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Aug 10, 2013 4:54 PMPublication: The Southampton Press

Sagaponack Village Board To Vote On Pursuing Separate Police Force On Monday

Aug 14, 2013 10:50 AM

Sagaponack Village Mayor Don Louchheim says he will ask his fellow Village Board members to decide next week whether or not the village should proceed with plans to form its own police department.

In the wake of a meeting on Saturday attended by dozens of village residents who expressed a mix of support for and objections to the village creating its own police force, Mr. Louchheim said that the board needs to make a decision about how it will proceed, quickly. He said that Southampton Town officials had taken no steps to present the village with any alternate police coverage proposals that might head off such a move—something village officials were hoping for.

“I will ask for a vote from the board next week on whether we should proceed with planning for our own department—not committing to do it, but planning for it—or to punt,” Mr. Louchheim told the four other board members on Monday afternoon, during a discussion of the previous Saturday’s meeting with village residents. The next Village Board meeting is Monday, August 19—and the mayor added, “Monday will be D-Day.”

Mr. Louchheim also proposed that the village hire former Southampton Town Police Chief William Wilson Jr. as a consultant to draft a detailed budget for the formation of a village police department, so that the Village Board would have specific numbers to apply to its deliberations leading to Monday’s decision. But Village Trustee Lee Foster, the deputy mayor, objected to the hiring, which Mr. Louchheim proposed at $2,000, and asked that the issue also be put off until the following week.

Additionally, Mr. Louchheim nodded to the possibility that if the Village Board decides to proceed with drafting more detailed plans for its own police force, the issue could be brought to village residents for approval at a referendum in the coming months—a step that several people called for at Saturday’s meeting. At the meeting, Mr. Louchheim had said, however, that a simple majority of support for the formation of a police department was not enough to justify it. He said the Village Board wanted to see that there was broad support for the idea before it would proceed.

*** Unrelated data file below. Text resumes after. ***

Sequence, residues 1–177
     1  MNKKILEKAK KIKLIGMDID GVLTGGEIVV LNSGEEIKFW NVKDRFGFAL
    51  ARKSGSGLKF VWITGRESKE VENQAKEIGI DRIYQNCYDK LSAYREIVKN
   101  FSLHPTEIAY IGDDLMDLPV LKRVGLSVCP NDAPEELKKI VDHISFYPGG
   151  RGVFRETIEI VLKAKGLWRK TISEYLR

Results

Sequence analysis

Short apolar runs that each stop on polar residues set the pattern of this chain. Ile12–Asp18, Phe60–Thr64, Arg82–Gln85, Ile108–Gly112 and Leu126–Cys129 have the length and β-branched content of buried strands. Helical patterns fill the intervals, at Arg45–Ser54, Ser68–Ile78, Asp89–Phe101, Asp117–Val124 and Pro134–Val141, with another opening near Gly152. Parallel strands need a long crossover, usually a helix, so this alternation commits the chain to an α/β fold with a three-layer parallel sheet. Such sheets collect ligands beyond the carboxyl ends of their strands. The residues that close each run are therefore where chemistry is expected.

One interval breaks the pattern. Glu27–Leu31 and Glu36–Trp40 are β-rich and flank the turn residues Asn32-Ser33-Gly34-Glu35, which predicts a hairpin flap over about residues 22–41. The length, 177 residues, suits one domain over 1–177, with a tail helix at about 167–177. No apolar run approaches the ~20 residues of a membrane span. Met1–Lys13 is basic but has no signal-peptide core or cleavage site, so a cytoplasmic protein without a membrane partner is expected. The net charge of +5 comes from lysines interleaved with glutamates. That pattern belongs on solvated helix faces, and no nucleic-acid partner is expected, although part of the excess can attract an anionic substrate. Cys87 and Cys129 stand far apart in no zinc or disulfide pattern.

Broad support was not evident at Saturday’s meeting, attended by several dozen residents of the tiny eight-year-old village, though neither was there a consensus of opposition. On Monday, the mayor recounted that there appeared to be three trains of thought among those who voiced their opinions at the meeting. There were those who believed that additional police coverage was not needed and would only be an inconvenience to residents, in the form of more traffic tickets. Others were opposed to forming a village police department, largely because of concerns about expanding bureaucracy, but were open to pursuing better coverage, or lowered costs, from the village’s coverage agreement with the Southampton Town Police Department. And still others firmly supported the formation of a village police force, for reasons of financial savings and better police protection.